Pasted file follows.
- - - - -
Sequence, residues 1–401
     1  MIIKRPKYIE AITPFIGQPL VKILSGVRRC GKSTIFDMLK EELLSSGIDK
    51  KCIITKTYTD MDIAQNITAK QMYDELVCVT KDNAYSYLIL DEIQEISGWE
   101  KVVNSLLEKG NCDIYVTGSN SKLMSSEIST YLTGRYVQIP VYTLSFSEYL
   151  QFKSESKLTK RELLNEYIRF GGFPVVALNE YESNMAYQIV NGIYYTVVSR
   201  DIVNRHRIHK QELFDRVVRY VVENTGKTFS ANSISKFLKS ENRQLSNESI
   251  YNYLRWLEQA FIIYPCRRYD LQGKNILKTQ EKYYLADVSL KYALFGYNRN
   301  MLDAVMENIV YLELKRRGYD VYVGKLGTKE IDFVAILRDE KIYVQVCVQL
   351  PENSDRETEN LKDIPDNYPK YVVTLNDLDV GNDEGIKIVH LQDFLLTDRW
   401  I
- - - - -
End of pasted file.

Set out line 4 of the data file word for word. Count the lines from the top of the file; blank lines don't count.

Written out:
   101  KVVNSLLEKG NCDIYVTGSN SKLMSSEIST YLTGRYVQIP VYTLSFSEYL